The next point is the expansion of good schools. Education Ministers have repeatedly given us assurances from the Dispatch Box that the surplus places rule did not exist. Yesterday, the Prime Minister confirmed that it did and that it would be scrapped. Why has it taken so long for the Government to identify and get rid of the roadblocks to giving us more good school places? Should we not conclude that we have had surplus Ministers, as well as surplus places? [Hon. Members: "More!"] There is plenty more.

The White Paper praises city academies. Conservative Members back academies because they are just like the city technology colleges that we set up in the first place. Can the Secretary of State tell us how she will avoid the real danger that they end up replicating failed comprehensives in smart new buildings? Will she give them real freedoms, including over admissions? Will business backers be able to cut waste and open these buildings to the whole community so that they can be engines of regeneration, not just islands of investment?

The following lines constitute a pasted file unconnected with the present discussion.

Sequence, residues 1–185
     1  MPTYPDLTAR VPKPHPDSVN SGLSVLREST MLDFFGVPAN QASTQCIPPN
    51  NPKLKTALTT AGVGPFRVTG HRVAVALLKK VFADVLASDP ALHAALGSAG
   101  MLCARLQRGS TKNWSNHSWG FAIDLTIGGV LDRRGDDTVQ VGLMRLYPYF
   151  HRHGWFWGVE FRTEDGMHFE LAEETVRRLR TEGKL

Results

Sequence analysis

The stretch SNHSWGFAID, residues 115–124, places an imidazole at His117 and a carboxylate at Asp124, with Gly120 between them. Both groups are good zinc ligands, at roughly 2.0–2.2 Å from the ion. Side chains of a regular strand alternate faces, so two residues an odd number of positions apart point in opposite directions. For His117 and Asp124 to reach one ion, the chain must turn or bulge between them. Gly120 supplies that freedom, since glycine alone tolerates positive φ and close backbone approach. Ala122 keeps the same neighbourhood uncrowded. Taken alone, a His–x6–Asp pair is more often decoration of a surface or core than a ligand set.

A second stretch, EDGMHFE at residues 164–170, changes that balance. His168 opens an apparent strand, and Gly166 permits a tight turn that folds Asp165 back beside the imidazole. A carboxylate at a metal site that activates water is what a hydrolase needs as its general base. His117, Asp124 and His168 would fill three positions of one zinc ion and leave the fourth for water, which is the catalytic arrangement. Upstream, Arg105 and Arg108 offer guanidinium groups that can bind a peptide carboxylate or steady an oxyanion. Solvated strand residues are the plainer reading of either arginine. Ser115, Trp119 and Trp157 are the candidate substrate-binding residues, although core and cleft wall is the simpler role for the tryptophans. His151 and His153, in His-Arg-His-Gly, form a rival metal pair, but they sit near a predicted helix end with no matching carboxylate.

The next issue is a difficult one: admissions. We all want to move from the situation in which we have selection by house price to one of genuine diversity in schools with parents having choice. However, the Government have created total confusion over this issue. One briefing has suggested that there will be compulsory banding and then the bussing of children across LEAs. That would represent top-down social engineering beyond even the wildest dreams of the Chancellor of the Exchequer. Will the Secretary of State rule out today bussing that is designed to meet some arbitrary central admissions quota?

The White Paper argues that streaming and setting should be the norm in all schools—we agree. In its 1997 manifesto, Labour said the same thing. What has it been doing for the past eight years? Why has it taken three manifestos, nine Acts of Parliament, five Green Papers, four White Papers, two strategy documents and